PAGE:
A tigress and her cubs scratched up this tree at all levels. The white stuff is sap or resin (I forget which).

Very funny. I'm being a tiger.

These scratches are already really old, made by a bear or tiger. Ok, yes, obviously I thought all these scratches were really cool, as you've guessed by the number of pictures.

Denis estimated that this fir tree (пихта) is 600 years old. About 13% of the territory of Kedrovaya Pad is primary forest (mostly spruce and fir forest -- елово-пихтовые леса -- but with Korean pipe and other slow-growing giants too) that has never been logged or destroyed by fire. Even in the very sparsely populated Russian Far East, such areas are very rare.

Pretty view of the Kedrovaya River.

Here's the hut where we took a break for a snack and tea. In the 1970s a local journalist came here with a reserve inspector. She really wanted to see a leopard, so the reserve joked that sure, of course she would see one -- never believing it themselves. After all, there were only about 30-40 leopards in the wild at this time, and leopards are not animals that like to show themselves. But at the hut they in fact did see a leopard! Except that the journalist got so scared she locked herself in the hut and did not come out for hours, even after the leopard was long gone. Oh well.

We also made an interesting trip to a nearby stream, about 1 km long, that flows into the Amur Bay. Chum salmon spawn here in the hundreds in the fall. The stream is protected by a local citizen, Nikolai, who does it just because he thinks it is important. It's all on his own initiative, and he doesn't get paid, of course for being this kind of "public inspector."(And he himself is very poor.) This kind of thing is very rare! Nikolai himself kicks poachers off this territory when salmon return to spawn. His hope someday is to get a permit to do a small volume of local fishing at the mouth of the stream, bringing in a small sum and thus making conservation profitable. Of course, a lot of fairly expensive paperwork is necessary to do this. (There are so many fish here that there is not enough room to for them all to spawn, so some could be harvested without detriment to the population.)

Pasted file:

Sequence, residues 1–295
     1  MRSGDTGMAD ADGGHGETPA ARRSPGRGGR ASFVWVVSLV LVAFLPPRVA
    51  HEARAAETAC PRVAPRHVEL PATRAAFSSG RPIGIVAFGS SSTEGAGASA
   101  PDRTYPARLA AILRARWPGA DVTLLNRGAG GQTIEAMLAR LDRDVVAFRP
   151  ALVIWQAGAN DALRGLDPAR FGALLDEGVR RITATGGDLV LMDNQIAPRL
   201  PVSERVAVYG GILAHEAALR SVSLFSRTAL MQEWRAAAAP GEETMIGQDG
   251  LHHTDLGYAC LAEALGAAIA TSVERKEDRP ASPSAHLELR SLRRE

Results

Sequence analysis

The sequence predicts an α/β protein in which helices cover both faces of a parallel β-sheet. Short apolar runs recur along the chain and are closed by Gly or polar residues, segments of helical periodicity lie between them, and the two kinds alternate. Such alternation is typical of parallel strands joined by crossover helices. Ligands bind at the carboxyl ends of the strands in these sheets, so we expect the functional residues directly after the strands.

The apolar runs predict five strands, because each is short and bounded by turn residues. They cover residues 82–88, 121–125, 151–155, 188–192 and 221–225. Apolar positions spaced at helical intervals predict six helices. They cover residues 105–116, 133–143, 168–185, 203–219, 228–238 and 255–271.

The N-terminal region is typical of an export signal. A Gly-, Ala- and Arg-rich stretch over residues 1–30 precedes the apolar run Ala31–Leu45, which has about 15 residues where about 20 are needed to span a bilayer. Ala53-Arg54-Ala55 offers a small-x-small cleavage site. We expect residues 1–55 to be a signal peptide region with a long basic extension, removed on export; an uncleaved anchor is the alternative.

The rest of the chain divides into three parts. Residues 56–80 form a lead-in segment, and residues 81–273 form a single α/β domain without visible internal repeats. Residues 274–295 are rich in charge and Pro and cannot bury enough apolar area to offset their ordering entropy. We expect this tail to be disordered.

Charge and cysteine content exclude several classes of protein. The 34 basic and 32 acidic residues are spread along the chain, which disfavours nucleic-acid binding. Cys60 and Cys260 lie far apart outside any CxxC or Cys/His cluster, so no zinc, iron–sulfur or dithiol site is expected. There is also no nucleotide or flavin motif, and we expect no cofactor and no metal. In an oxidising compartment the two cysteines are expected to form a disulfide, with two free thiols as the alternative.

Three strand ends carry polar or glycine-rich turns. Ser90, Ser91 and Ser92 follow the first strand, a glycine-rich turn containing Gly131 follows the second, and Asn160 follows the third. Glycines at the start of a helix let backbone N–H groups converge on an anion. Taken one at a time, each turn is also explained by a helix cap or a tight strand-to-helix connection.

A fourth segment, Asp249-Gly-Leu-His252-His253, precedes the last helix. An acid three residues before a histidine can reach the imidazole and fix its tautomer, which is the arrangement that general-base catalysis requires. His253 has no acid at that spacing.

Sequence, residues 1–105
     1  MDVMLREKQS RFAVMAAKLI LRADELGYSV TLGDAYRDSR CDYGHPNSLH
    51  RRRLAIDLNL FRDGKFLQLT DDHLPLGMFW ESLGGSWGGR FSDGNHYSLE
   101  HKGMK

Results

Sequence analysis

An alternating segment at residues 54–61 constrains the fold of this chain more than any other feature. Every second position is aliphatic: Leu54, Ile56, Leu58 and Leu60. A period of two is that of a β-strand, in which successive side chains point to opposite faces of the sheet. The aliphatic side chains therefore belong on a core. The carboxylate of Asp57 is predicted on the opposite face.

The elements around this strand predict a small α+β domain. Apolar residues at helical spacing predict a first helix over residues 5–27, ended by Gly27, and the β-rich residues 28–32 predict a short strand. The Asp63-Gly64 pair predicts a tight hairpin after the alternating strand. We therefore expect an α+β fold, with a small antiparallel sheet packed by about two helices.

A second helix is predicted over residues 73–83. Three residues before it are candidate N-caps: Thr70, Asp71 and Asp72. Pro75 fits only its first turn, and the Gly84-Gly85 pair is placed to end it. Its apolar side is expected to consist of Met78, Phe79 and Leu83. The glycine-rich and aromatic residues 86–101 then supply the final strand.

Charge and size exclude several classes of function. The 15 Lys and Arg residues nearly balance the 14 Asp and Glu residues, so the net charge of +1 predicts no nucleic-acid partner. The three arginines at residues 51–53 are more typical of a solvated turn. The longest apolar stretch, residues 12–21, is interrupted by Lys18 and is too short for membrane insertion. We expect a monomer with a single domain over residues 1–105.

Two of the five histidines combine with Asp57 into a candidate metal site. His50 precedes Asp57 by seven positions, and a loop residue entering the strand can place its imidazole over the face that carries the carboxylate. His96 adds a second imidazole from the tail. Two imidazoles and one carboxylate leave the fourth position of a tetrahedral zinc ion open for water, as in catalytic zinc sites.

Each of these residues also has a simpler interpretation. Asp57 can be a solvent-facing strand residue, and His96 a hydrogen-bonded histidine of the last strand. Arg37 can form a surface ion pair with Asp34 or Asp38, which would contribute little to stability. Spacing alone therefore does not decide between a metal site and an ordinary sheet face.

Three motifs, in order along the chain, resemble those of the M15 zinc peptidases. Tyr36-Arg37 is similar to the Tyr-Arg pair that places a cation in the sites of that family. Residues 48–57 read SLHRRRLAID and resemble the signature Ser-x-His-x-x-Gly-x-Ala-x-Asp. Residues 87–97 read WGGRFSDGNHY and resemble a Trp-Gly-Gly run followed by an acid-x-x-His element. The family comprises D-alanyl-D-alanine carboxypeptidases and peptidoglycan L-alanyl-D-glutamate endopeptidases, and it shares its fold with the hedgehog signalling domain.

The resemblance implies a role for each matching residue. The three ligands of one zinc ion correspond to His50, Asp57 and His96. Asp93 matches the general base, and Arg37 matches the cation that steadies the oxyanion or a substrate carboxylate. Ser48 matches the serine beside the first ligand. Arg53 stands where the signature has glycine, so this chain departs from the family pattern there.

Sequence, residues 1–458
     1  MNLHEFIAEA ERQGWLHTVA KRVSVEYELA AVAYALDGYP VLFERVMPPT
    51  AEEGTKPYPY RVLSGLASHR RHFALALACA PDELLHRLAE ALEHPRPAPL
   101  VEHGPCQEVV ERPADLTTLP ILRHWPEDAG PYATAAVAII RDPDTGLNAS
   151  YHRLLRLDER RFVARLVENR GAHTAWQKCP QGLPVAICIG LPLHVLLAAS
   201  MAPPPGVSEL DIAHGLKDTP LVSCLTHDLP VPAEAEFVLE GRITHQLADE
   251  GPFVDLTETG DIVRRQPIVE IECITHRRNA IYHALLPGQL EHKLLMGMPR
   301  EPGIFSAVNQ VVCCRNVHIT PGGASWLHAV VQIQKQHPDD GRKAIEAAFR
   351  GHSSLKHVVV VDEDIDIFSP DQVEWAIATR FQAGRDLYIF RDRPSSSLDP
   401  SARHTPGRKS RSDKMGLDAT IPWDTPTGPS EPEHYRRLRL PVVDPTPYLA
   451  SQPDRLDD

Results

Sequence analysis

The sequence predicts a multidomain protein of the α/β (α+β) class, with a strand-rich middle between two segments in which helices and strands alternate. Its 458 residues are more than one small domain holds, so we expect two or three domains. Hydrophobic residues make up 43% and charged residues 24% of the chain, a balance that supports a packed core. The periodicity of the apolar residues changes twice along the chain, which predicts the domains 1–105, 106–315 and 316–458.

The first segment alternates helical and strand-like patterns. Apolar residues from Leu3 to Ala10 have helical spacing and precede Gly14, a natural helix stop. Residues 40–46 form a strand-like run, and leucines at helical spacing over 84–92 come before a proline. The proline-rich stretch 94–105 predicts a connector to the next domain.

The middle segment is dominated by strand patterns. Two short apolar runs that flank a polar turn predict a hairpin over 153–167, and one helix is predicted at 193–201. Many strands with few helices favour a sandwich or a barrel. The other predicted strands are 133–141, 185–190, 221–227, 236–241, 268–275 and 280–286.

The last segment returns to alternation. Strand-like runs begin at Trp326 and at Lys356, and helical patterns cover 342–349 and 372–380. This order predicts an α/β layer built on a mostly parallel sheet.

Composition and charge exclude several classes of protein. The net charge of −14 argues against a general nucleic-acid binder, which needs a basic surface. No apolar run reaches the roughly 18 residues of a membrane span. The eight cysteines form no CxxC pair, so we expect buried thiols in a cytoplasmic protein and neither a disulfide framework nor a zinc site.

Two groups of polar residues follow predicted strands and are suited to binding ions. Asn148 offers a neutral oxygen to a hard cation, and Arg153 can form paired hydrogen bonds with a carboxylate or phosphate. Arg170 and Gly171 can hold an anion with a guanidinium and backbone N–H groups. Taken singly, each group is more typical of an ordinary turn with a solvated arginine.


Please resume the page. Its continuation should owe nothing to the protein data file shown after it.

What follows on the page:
Nikolai is explaining his work and goals to Anatoly.

Anatoly estimates about 200 chum salmon were in this 1 km stream when we were there. We saw plenty of them -- but they get scared when they see people and swim away very fast (so I couldn't get any good pictures).

Grasses, the Amur Bay and the peninsula on which Vladivostok is located in the background. We could see Vladivostok from here. This spot is about 3 km from the Kedrovaya Pad Zapovednik border. (The reserve border is 3 km inland.)

Looking back toward Kedrovaya Pad from near the coast.

Saturday, October 20, 2007

Первый снег

У нас во Владивостоке идет первый снег. Хотя мне казалось, что прекрасная, теплая и солнечная осень никогда не закончится, вот листья только начинали падать... а в четверг очередной циклон уже подкрадывался к нам, температура резко упала, ночью начался дождь, утром поднялся ветер, и к ужину в пятницу наблюдались первые снежинки. Сегодня (в сууботу) утром всё вроде стихло, но после обеда снова пошел снег. Вот вид из моего окна.
Прощай, лето!

Wednesday, October 17, 2007

New Neighbors, New Doors

In mid-October I got new neighbors. They bought the apartment next door to me. The biggest effect so far is that we got new doors on our hallway! (Really, those who have lived in a Russian apartment building may understand my excitement at any household improvements.) My hallway has 2 doors leading to our floor's 2 elevators (one working, one eternally out of order) and the stairwell. Apparently the new neighbors were very disappointed with the hallway's appearance generally and the draft situation -- it gets very cold in the winter, as the hallway is not heated, plus there are cracks in the windows, and the doors blocking off the hallway from really cold places like the stairwell don't close well. So, they paid to have new doors put in! They are really spiffy and look super.
This is one of our new doors, leading from the elevator to our hall. It even has a peephole. It isn't squeaky or rusty or anything.